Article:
S.B. 870 An Act Concerning the Recommendations of the Office of Policy and Management
DATE: February 19, 2021
TO: Planning & Development Committee
FROM: Ben Shaiken, Manager of Advocacy & Public Policy, The Alliance
RE: S.B. 870 An Act Concerning the Recommendations of the Office of Policy and Management.
Good morning Senator Cassano, Representative McCarthy Vahey, Senator Hwang, Representative Zullo and members of the Planning & Development Committee.
My name is Ben Shaiken, Manager of Advocacy & Public Policy at the CT Community Nonprofit Alliance (The Alliance). The Alliance is the statewide association of community nonprofits. Community nonprofits provide essential services in every city and town in Connecticut, serving half a million people in need and employing 117,000 people across the State. They are an important part of what makes Connecticut a great place to live and work and an important piece of our economy.
Thank you for the opportunity to testify regarding S.B. 870 An Act Concerning the Recommendations of the Office of Policy and Management. We would like to draw the Committee’s attention to Section 10 of the bill, which proposes changes to C.G.S Section. 12-89 to require additional action on the behalf of assessors when denying property tax exemption.
Charitable nonprofits are exempted from local property tax by Section 12-81 of the Connecticut General Statutes. Subsection (7)(a), which exempts the property owned by “a corporation organized exclusively for… charitable purposes.” But despite this statute, some tax assessors are taxing nonprofits for property that is exempt.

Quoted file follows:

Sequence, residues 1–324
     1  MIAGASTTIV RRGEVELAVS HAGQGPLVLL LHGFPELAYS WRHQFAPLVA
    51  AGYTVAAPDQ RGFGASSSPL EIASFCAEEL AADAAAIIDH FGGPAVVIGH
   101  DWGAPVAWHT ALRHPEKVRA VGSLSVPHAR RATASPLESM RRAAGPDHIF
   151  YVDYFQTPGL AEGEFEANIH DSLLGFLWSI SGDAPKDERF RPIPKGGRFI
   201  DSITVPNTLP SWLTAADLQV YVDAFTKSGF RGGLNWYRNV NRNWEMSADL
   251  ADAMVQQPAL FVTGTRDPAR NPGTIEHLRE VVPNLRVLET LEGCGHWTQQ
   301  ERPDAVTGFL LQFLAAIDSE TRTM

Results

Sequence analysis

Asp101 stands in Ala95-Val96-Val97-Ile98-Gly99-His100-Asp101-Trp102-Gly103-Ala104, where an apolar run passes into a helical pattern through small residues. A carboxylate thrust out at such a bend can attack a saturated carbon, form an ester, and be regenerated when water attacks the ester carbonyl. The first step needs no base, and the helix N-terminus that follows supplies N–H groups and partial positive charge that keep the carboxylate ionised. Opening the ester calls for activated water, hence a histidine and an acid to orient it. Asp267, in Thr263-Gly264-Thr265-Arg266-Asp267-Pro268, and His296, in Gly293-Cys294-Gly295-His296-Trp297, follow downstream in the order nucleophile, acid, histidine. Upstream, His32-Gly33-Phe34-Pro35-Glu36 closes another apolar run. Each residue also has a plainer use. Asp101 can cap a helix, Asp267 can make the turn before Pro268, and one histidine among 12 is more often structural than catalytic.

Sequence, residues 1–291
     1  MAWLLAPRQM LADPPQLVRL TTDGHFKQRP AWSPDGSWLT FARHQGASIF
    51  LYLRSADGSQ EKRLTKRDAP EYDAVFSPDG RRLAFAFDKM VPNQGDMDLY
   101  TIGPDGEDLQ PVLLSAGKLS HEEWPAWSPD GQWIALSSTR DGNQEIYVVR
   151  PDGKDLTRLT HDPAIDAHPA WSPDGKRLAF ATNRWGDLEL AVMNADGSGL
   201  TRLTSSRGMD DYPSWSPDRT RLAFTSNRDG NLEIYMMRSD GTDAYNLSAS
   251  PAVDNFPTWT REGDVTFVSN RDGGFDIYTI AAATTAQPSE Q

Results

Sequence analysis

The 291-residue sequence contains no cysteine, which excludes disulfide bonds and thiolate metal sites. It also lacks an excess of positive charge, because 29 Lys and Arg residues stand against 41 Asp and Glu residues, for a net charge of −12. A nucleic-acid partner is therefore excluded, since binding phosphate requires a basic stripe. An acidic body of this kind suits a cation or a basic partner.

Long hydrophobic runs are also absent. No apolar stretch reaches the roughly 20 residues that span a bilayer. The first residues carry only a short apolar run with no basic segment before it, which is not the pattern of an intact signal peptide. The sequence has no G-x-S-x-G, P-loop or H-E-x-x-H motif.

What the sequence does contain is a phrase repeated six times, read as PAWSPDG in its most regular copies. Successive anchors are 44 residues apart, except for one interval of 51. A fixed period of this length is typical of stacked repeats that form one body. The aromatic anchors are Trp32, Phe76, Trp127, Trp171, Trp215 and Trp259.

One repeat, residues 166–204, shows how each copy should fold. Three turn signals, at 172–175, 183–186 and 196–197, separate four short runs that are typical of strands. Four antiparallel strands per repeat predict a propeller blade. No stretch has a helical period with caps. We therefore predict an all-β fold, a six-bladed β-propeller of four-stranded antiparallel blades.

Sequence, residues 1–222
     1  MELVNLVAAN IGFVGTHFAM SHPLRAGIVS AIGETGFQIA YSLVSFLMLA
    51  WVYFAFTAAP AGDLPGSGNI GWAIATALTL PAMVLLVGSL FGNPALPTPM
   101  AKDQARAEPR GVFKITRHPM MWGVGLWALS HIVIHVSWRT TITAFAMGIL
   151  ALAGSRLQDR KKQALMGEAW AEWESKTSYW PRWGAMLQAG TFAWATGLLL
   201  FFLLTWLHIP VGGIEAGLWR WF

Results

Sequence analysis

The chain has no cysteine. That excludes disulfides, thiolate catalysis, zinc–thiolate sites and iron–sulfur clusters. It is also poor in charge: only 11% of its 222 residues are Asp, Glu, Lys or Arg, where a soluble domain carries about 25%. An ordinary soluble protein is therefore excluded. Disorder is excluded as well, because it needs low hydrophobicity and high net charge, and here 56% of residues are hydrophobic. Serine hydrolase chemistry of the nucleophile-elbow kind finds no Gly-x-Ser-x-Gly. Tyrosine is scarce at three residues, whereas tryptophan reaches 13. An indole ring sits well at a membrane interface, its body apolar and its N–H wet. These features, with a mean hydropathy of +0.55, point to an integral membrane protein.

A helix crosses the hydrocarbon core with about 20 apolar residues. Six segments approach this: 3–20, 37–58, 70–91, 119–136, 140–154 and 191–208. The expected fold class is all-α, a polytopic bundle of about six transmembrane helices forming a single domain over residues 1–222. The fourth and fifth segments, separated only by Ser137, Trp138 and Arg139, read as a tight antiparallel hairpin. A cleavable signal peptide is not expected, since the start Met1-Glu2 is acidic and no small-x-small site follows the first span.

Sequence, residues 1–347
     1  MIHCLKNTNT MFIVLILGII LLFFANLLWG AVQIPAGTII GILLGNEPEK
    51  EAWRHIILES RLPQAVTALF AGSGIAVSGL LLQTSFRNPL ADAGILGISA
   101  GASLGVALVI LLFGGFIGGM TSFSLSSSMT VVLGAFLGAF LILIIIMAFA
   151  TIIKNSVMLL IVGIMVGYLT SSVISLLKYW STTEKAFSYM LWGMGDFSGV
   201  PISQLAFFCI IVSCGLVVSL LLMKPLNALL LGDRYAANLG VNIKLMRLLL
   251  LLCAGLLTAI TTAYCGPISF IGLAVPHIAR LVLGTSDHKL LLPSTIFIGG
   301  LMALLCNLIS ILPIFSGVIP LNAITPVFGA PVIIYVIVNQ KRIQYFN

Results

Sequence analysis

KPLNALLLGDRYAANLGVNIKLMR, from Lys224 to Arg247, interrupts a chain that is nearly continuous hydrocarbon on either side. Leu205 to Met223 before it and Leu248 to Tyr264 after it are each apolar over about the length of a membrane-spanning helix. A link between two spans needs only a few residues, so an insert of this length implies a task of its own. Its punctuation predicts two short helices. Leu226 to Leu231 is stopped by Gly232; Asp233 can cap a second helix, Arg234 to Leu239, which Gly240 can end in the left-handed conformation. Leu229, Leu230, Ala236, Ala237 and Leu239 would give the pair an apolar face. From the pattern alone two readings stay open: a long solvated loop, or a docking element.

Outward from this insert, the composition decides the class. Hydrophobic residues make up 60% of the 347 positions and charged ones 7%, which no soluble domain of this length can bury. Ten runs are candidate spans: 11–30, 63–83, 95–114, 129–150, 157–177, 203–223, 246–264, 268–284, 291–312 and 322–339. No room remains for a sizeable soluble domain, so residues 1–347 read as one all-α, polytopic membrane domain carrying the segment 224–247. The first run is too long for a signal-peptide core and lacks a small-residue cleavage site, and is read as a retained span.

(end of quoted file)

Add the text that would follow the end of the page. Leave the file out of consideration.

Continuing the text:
In a survey from May 2018, The Alliance found that at least 40 assessors had recently issued tax bills for property used for charitable purposes. Two-thirds of nonprofits who responded said their property is being assessed for taxes after a history of being exempt, without undergoing a change of use. And the problem has only gotten worse since 2018.
We support reform to C.G.S. Section 12-89, which governs the process assessors are required to adhere to when considering applications for property tax exemption.
Despite best practices, some assessors do not give nonprofits any details or reasoning for the denial of their exemption. The current situation leaves nonprofits no choice but to go through the appeals process, and in many cases file a lawsuit, to determine the reason for exemption denial. Critical funding is diverted away from direct service provision to people in need when nonprofits, burdened by years of state budget cuts, are forced to choose between costly litigation and paying taxes on property that is exempt by state law.
We appreciate that S.B. 870 would require assessors mail a notice of denial to those requesting a property tax exemption, but the proposal doesn’t go far enough. The Alliance supports H.B. 6103, which also proposes changes regarding denial notice to Sec. 12-89, because it requires assessors tell applications, in writing, why their application was denied. This change will allow nonprofits to evaluate, without being required to file an administrative or legal appeal, whether an exemption was denied because of a paperwork or clerical error, or whether there is a legitimate dispute about the use of their property.
We understand that assessors are concerned about adding grounds for litigation, but if they correctly apply the law to nonprofits, litigation would not be an issue. Rejection without reason encourages arbitrary decisions that tell applicants they must go to court at great expense to determine what it is that is wrong with their application.
We urge Committee to amend S.B. 870 to include the same provisions in H.B. 6103. Thank you for your consideration of this important issue.
Manager of Advocacy & Public Policy
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